Military

DISPLACED CIVILIANS (DC) CAMP OPERATIONS


VIGNETTE

At H-Hour, 20 0045 Dec soldiers of the 4-6th Inf, 5-87th Inf, and attack helicopters from the 1-82d Avn assaulted the Commandancia complex in Panama City. They met stiff resistance and began to use the precision weapons from the AG-64 attack helicopters, AC-130 gunship, and M551 Sheridan assault vehicles to suppress positions inside the large complex. As U.S. fire into the complex increased, Dignity Battalion members and PDF soldiers began starting fires in the civilian housing area adjacent to the Commandancia to confuse and distract U.S. forces. The flames, heat, and thick smoke frustrated U.S. attempts to assault the complex and to concentrate fire on the positions within. Few assets were available to fight the now consuming fires raging through the housing area in the Chorrilo district. An estimated 10,000 people lost their shelter and swarmed to the DC camp established at the U.S. Balboa High School. As the economy was shut down by the fighting, more and more people flocked to the camp for food and safety. An estimated 30,000 people were in the camp during peak periods from 20-25 Dec. Inspections by the International Red Cross cited the camp operations as some of the best ever observed.

KEY POINTS

A DC camp was established to handle the flow of refugees from the city, whose numbers far exceeded initial estimates. Civilians came to the camp for three reasons: housing, security, and food. The most critical problems were medical care, sanitation, concern for family units, care for the elderly, security, and identification of former PDF/DIGBAT personnel.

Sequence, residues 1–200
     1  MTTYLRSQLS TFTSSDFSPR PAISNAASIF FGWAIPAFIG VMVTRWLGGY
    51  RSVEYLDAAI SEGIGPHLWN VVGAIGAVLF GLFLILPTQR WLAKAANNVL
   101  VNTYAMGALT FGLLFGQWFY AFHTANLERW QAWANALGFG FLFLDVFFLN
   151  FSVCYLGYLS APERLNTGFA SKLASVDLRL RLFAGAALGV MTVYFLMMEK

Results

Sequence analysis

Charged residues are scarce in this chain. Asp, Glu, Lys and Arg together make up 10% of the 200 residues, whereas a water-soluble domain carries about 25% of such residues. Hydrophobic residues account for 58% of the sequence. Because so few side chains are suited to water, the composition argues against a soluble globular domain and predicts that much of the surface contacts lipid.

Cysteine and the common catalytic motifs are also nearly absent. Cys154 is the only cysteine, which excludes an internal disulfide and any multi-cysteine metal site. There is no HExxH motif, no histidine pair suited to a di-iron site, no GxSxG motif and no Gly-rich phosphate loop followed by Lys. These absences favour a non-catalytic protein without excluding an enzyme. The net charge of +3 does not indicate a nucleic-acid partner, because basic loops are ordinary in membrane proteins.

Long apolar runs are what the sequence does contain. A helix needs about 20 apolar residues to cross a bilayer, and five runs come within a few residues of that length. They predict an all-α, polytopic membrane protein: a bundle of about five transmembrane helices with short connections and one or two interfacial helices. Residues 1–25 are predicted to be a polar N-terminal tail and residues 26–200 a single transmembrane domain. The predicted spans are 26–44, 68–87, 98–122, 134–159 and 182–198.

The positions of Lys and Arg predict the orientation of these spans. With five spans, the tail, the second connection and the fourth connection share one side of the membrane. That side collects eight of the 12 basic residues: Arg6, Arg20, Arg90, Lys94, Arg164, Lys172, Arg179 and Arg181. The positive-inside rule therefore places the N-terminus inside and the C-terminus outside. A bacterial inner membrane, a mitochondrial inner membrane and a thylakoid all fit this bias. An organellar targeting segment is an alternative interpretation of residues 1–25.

LESSONS LEARNED

  • A computer registration data base is essential. DCs would come and go from the camp, often losing their registration cards.

  • The camp became an informal, but effective, intelligence collection center, primarily because the phone number was one of the published American points of contact. The camp needed additional staffing (personnel and communications) to exploit this opportunity.

  • Local expertise and leadership should be used whenever possible. For example, the mayor of the devastated area was one of the DC camp members. He was made mayor of the camp and organized a staff and six suborganizations which took over the functions of administering the camp. This took a large burden off the U.S. forces and demonstrated our confidence in the Panamanians.

  • Supplies and materials, such as tents, concertina wire and sanitation supplies should be planned for in detail in advance.

  • A unit should be designated as the security element for the camp. Rotation of administrative elements; i.e., medics and clerks, as security only degrades the camp's ability to function.

  • Preventive medicine specialists are especially important as sanitation is a constant problem.

  • Planning needs to address nondisplaced persons who will show up at the camp for different reasons and how they are to be identified and handled.

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